U.S. industrial manufacturers are maintaining their optimism about the direction of the domestic economy in the second quarter of 2014, according to the Q2 2014 Manufacturing Barometer, released by PwC US. This report indicates a rise in capital spending plans among industrial manufacturers as they focus on using their cash positions to strengthen their products, add personnel and secure technology in competitive markets.
“We saw a notable increase in indications for both long-term capital investment and short-term spending plans during the second quarter,” said Bobby Bono, PwC’s U.S. industrial manufacturing leader. “Companies have maintained historically high levels of liquidity and are increasingly looking to put this money to work in strengthening their operations, adding talent and improving technology in a highly competitive marketplace. Plans for R&D spending reached the highest level in the past five quarters, as management teams look to differentiate their products and enhance the value proposition they offer to their customers. This comes against a backdrop of sustained optimism regarding the domestic economy, coupled with a continued high level of uncertainty regarding the direction of global commerce.”
Regarding actual company growth expectations, 77 percent of survey respondents expect positive revenue growth for their own companies in the next 12 months, with nine percent forecasting double-digit gains and none anticipating decreased revenues. The projected average revenue growth rate for own-company revenue over the next 12 months was 5.2 percent, consistent with last quarter’s 5.3 percent, and above the 4.6 percent recorded in the second quarter of 2013.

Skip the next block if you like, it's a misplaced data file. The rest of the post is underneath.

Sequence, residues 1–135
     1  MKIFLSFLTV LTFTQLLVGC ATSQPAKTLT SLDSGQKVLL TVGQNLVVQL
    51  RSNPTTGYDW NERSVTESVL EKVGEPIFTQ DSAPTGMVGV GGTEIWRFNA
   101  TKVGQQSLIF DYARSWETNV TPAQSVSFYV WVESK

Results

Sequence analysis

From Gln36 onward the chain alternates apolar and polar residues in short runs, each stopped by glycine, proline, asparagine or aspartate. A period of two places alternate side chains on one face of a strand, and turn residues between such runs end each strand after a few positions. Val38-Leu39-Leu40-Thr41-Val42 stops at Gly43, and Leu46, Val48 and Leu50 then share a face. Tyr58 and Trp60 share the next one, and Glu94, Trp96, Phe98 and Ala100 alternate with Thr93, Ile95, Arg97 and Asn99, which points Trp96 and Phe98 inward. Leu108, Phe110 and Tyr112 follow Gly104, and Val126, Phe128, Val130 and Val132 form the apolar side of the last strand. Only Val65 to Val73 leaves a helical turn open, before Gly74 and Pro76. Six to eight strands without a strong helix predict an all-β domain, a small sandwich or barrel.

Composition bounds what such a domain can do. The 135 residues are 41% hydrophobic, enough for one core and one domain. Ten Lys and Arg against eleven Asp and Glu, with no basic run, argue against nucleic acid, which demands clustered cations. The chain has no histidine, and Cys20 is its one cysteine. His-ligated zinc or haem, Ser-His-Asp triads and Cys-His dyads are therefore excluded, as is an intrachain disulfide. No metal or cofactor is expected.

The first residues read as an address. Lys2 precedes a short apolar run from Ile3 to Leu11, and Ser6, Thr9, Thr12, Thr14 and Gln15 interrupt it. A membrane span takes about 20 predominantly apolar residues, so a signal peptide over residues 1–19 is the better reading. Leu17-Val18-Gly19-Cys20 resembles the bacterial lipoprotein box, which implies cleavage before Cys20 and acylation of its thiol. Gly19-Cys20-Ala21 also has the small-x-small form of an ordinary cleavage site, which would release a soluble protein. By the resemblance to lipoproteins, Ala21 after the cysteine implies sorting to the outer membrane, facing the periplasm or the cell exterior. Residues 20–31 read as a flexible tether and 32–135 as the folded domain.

Plans for new investments of capital rose notably during the second quarter of 2014, with 52 percent of respondents indicating increased outlays in the next 12 months, up from 39 percent in the previous quarter and 40 percent in the second quarter of 2013. The mean investment as a percentage of total sales was also slightly higher than the prior quarter’s 5.4 percent, at 5.7 percent. Operational spending plans remained high with 75 percent of respondents indicating increased short-term spending in the next 12 months, identical to the second quarter. Plans for spending on research and development rose significantly to 45 percent, from 34 percent in the first quarter and 38 percent in the second quarter of 2013. Other areas of investment focus included new product or service introductions (43 percent) and information technology (33 percent).
The Q2 Manufacturing Barometer also indicated a notable rise in plans for M&A spending. Thirty eight percent of respondents planned M&A activity in the year ahead, compared to 28 percent in the first quarter and 23 percent in the second quarter of 2013. The majority of that group is focused on purchasing another business, followed by the sale of part/all of their own business or a spin-off.
“The intense competitive environment combined with strong balance sheets at many companies is leading to an increased interest in M&A among industrial manufacturers. Companies are doubling down on what they do best, and are primarily looking to tap their cash to further strengthen their core product offerings, rather than entering new markets or expanding abroad,” Bono continued.
Regarding hiring, 48 percent of U.S. industrial manufacturers surveyed plan to add employees to their workforce over the next 12 months. This is down from 56 percent in the previous quarter, but remains above the 42 percent reported in last year’s second quarter. Consistent with the previous quarter, the most sought-after employees will be skilled labor (32 percent), followed by production workers (27 percent) and professionals/technicians (20 percent). Conversely, plans to hire sales and marketing professionals dropped to eight percent in the second quarter from 15 percent in the first quarter. Plans to hire white collar support also decreased to eight percent in the second quarter from 20 percent in the first quarter.
Among the survey findings, the major headwind to growth over the next 12 months is now seen as legislative/regulatory pressures, rising nine points to 47 percent from a low in the first quarter of 38 percent, but still well below the 53 percent recorded in last year’s second quarter. Lack of demand was cited as the second leading potential barrier to growth in the next 12 months for 42 percent of respondents. This was followed by competition from foreign markets and oil/energy prices, which were both cited by 28 percent of respondents. Conversely, concerns regarding capital constraints dropped to 17 percent of respondents, compared to 28 percent in the first quarter.